They won’t teach you this is school, especially from those serious MBA types, so I’ll start with the basics. Don’t be afraid to be creative on forms. Most people assume you can’t – that it isn’t allowed or it would be frowned upon. Listen, these form may look all serious, asking for real information, but isn’t that what Google’s for?
Name: Ms. Piggy Profession: Looking Fabulous
Medical forms are dreadful, tedious and repetitive. Why I need to rewrite my name and address on 50 different pieces of paper is beyond me. Isn’t there a stapler in someone’s desk?
Over the last two weeks I filled out more in my lifetime (namely for three reasons, of various ages). Being a professional form-filler-outer, I’ve had to taper my surliness that ensues with tedious questioning and learn to be creative.
The most dreadful question is the one of occupation. This is mainly because I’m on the fence about calling myself a writer until Amazon says so. I know. I know. There are so many things wrong with that statement. But whatever.
On a typical day, I pick from the following list to describe my “profession”.
Independent Consultant……….Living in her parent’s basement
Writer (of lists)…………………….Rainbow Maker that can’t pay her bills
Personal Assistant……………….Sock-sorter to various ingrates
Stylist………………………………..Straight eye for the blind guy
As a rule, I only complete 50% of all medical forms, slashing through questions I can’t be bothered with. My social security number? Well, if you must ask: 8675—three-oh-ni-eeeeee-ine.
But last Wednesday, I uncovered this new genre of form writing and decided to have fun with it.
Profession: Advocate to Ban All Monkey Bars
Address: Don’t you people have a database? This ain’t my first rodeo or my last.
Reason for visit: World peace. And you have really good coffee. Seriously… What do you put in it? ….ETC. ETC.
What gave me my creative push? Well, sit down. I’ve got a story to recall with 85% accuracy.
It began with a phone call from the school nurse — my youngest fell off the monkey bars, (otherwise known as a pediatric orthopedist’s wet dream/kids college fund), and appears to have broken a bone. I run to the dryer to collect my freelancer paycheck, picking through jeans to find a bunch of shiny, laundered change. I then gather my child at school and head over to Urgent-Care (Translation: Delayed-Understaffed-Take-a-Number-Care).
As I soothe my crying five-year-old with hugs and offers to blast away at a migration of red, angry birds on my phone, I proceed to fill out the wretched paperwork. I do a head count to establish our wait time: guy with a busted knee, women on cell phone with no apparent problem (read: hypochondriac) clogging the system, and one women nervously thumping her foot. I have great intuition. Clearly this foot-thumper is an impatient snowbird from somewhere way up North with 80’s taste in clothing, as her shirt is shredded like a rock metal band tee. Then her friend comes in and I learn she is an Australian, Arizona resident who has just limped away from a car accident and oh, –actual metal shredded her shirt. I note on the form: Mother’s intuition may have suffered a minor concussion.
Ten forms and two hours later I march up to the front desk ready to question why only ONE person has made it behind the iron curtain. It was starting to feel like the Hotel California in there — we had all checked in, but no one was leaving. I even waited for the hour-long guitar riff.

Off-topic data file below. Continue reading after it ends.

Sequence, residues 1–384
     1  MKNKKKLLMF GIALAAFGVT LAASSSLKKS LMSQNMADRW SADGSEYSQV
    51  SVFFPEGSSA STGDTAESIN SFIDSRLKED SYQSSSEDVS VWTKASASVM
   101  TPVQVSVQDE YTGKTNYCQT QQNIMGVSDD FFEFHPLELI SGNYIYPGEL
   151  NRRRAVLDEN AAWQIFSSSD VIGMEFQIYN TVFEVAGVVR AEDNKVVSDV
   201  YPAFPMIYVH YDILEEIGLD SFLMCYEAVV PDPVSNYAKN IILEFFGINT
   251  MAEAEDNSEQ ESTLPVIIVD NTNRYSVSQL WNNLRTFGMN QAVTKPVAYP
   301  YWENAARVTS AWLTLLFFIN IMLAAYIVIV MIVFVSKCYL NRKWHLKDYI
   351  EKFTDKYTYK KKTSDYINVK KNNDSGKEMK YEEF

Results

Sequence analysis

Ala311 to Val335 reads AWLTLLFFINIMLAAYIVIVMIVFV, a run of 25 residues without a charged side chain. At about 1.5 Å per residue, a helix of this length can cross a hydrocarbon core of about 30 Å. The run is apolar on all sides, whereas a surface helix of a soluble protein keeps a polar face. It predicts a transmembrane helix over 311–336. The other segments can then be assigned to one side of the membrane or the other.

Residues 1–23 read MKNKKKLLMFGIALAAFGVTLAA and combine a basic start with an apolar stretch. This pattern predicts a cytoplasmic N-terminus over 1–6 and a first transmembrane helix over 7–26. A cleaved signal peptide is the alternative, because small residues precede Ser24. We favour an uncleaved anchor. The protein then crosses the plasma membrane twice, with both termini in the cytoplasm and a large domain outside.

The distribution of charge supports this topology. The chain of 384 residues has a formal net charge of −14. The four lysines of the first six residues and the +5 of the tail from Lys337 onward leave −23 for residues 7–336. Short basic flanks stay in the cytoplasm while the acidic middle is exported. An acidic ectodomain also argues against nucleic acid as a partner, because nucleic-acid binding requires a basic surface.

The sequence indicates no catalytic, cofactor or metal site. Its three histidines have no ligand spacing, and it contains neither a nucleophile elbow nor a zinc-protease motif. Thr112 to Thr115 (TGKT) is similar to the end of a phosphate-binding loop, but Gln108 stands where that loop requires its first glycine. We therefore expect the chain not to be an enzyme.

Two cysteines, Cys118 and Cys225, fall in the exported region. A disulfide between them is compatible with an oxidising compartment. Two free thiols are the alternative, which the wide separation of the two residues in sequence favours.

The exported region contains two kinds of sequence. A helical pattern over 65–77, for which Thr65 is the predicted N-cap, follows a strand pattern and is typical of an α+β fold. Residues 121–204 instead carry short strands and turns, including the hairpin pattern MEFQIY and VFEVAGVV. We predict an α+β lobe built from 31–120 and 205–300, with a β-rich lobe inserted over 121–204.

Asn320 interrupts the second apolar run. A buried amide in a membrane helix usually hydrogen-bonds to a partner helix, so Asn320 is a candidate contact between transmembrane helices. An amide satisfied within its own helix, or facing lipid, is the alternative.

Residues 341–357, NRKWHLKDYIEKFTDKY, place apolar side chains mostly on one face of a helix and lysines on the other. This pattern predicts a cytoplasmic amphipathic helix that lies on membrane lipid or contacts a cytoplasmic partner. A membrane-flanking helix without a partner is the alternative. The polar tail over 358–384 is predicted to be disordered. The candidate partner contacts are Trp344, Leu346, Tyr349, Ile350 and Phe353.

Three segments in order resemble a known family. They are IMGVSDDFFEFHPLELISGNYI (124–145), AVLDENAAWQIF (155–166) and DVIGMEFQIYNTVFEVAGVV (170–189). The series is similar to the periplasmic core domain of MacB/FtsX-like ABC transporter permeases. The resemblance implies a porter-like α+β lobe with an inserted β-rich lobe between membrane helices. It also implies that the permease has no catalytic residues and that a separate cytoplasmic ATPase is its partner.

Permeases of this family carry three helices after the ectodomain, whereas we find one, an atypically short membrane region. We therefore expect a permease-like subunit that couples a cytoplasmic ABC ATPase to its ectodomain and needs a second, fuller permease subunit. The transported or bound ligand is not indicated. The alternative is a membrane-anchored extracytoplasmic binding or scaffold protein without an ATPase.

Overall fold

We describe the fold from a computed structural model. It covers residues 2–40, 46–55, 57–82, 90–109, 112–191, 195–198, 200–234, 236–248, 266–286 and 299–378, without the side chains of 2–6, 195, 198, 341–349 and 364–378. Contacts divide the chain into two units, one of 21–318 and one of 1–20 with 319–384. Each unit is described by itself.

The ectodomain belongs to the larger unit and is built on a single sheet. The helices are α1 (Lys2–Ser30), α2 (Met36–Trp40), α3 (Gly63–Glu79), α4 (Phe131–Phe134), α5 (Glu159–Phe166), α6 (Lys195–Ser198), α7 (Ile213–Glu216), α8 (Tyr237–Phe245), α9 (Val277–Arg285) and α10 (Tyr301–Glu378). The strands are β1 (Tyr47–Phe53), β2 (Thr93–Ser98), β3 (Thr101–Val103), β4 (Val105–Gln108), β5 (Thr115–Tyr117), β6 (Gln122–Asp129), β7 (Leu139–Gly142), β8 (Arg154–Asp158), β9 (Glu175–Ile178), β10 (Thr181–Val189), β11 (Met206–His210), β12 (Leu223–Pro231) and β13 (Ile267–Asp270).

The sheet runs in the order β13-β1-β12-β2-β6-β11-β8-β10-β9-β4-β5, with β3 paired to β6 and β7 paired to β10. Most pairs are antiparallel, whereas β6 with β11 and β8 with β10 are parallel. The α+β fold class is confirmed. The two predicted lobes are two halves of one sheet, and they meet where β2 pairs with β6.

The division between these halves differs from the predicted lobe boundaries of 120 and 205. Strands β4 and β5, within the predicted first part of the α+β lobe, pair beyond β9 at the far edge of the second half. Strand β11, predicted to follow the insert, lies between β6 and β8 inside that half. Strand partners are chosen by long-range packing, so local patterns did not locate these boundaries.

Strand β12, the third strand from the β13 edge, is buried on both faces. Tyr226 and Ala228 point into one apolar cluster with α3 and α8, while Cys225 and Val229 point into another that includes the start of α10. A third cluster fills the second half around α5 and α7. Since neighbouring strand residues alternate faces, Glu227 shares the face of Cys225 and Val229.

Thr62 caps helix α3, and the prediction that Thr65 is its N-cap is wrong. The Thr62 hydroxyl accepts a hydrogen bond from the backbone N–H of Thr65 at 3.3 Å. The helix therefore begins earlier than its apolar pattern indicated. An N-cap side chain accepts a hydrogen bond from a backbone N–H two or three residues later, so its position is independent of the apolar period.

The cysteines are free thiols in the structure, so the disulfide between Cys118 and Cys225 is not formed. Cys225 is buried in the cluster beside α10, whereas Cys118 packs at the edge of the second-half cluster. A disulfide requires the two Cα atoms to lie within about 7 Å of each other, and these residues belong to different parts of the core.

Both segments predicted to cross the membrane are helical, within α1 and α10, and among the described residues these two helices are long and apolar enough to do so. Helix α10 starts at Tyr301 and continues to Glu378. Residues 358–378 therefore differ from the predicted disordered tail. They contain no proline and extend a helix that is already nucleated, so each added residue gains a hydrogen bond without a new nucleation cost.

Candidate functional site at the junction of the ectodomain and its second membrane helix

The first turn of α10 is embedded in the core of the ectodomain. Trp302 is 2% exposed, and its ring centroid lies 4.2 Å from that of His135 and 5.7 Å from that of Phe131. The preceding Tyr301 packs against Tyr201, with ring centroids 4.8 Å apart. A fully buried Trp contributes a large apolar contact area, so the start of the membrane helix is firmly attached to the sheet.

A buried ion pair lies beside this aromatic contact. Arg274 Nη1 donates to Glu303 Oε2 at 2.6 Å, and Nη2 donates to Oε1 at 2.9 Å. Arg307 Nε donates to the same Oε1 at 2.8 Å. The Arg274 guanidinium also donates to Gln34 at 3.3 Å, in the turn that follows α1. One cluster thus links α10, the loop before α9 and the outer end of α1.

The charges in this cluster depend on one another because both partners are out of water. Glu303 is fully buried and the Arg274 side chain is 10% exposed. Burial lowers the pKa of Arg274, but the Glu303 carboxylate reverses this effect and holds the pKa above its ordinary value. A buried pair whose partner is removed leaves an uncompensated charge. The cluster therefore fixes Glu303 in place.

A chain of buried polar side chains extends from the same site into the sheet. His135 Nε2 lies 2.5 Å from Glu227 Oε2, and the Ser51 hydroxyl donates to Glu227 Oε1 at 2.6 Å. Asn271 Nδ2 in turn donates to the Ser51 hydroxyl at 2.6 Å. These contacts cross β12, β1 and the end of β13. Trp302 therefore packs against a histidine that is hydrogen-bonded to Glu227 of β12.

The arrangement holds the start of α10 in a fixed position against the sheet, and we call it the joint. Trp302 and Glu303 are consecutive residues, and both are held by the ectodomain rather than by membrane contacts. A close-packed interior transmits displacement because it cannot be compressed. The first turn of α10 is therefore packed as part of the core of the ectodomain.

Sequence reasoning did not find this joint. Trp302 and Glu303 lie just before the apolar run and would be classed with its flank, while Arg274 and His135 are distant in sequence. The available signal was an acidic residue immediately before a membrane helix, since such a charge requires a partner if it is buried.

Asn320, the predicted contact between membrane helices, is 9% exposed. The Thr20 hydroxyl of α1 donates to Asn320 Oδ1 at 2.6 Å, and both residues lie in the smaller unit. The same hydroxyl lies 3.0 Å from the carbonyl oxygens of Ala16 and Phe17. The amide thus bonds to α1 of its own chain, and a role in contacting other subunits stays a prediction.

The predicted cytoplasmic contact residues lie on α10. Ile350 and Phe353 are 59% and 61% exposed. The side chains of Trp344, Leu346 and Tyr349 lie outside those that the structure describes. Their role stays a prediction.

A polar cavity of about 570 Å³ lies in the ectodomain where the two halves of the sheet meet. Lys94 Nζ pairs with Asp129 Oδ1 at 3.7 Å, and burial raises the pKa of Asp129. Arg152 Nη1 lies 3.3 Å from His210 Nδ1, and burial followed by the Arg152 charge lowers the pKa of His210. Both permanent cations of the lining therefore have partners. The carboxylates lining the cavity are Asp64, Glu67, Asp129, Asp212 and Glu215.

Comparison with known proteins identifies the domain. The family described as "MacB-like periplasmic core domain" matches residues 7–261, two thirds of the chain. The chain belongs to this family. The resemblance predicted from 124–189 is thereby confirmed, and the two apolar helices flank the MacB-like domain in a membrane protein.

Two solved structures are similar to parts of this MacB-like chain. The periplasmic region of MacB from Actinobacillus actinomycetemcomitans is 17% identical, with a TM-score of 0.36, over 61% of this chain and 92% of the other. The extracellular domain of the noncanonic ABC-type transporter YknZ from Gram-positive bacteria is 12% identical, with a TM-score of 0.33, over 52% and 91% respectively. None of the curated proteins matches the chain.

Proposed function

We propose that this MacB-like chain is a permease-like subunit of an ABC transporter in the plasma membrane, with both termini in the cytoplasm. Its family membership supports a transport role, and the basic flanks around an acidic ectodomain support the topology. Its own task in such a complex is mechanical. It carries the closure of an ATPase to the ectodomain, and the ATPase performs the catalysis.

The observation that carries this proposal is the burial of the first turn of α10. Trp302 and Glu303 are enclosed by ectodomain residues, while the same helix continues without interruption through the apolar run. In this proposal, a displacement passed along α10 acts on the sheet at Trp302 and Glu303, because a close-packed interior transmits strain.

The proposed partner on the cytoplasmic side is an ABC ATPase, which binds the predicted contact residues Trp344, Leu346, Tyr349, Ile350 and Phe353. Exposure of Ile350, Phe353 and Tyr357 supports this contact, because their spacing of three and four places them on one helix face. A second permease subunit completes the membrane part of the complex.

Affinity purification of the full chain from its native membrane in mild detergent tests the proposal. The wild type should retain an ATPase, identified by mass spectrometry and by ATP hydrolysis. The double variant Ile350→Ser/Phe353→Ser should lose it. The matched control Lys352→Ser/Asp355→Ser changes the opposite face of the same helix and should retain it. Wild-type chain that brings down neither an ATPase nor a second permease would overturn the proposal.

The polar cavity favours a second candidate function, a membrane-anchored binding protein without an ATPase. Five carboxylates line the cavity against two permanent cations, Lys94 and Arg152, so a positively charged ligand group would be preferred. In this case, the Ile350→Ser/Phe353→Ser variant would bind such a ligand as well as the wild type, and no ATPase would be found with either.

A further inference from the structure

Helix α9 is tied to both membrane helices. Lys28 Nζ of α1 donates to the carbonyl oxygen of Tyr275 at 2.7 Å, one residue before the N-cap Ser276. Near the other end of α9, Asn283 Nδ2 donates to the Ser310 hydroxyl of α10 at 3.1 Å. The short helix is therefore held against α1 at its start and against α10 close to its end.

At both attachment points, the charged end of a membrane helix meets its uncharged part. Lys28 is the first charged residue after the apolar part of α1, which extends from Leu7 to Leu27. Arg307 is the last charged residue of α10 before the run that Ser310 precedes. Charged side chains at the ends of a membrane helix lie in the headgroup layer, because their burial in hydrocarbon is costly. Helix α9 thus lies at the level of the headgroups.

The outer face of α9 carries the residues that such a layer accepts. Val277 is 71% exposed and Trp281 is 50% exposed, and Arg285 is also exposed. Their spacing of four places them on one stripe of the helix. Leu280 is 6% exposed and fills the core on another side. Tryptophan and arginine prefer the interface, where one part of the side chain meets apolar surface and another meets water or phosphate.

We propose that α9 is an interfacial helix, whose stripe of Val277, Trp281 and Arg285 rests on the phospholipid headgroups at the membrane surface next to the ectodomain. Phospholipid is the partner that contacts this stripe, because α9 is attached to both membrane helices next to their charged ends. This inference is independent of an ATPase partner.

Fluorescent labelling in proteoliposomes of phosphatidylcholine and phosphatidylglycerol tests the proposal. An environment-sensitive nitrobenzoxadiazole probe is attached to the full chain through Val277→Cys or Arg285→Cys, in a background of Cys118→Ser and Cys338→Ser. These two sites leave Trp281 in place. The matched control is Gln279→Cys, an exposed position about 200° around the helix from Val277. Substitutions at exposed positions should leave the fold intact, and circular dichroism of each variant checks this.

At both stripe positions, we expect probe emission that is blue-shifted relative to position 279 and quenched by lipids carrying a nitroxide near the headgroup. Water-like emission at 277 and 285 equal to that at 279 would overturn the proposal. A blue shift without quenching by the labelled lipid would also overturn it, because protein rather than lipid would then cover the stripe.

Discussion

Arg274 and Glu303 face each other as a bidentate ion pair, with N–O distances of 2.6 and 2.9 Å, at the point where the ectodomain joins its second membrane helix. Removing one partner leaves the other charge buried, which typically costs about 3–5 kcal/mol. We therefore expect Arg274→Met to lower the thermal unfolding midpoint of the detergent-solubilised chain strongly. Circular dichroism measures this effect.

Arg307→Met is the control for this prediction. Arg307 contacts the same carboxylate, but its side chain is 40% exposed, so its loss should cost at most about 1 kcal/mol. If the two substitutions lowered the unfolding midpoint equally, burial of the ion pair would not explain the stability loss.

“We only have one doctor today,” she says.
I point to the woman still shaking hours after the car accident. “You know, you might want to cut this woman a break here! She’s been in an accident for Christ-sake. How can you call yourself UrgentCare? Let’s scale that back a notch, shall we? Semi-UrgentCare? Or just delete the Urgent altogether. How about SnailCare or ForgettaboutitCare?”
Truthfully that was my inner dialogue speaking, which in addition to picking up a New York accent, can be quite confrontational. I, however, am a pretty laid back person on the outside, so I nod. “Oh,” I say. “That sucks.”
She hands me a piece of paper with the address of another UrgentCare five miles away.
“There’s no one there,” she whispers conspiratorially. “They can get you in right away.”
I take it, look around, feeling bad about the crash victim, but I run for the car with my baby. When we arrive, there is a stack of paperwork and my eye twitches. Badly. I fill it out – creatively. I hand it back and it’s a showdown at the UrgentCare. Somewhere there’s a gunslinger whistle like in the old Westerns. She sees my eye twitching, seething with the overload of tedious questions. All I’ve got left in me is Snark. Sincerity and Concern have left with Urgent. I rattle the change in my pocket to let her know I’m good for the bill.
“Come on, Sister,” my inner dialogue says. “Ask me a question! Any question. Ask me my phone number or where the frick I live. Go on! Do it!”
But she backs down, throws the forms out and we get ushered back to a real live doctor! As we wait, my son texts me he’s having an asthma attack. I don’t think I’ve mentioned my older daughter has a surgery scheduled for the following day. I text them both back:
Would you people please take turns with your aliments and life-threatening issues? Gheesh!
One pink-sparkle cast later, I walk out and lo and behold –- the car crash victim is waiting! No longer afraid – she’s moved on to the seething phase. There are blank forms teetering on her jittery legs.
“Don’t do it, good woman! Go nuts on that form! Create! Create! Create!”
Forthcoming: Medical Form Thrillers.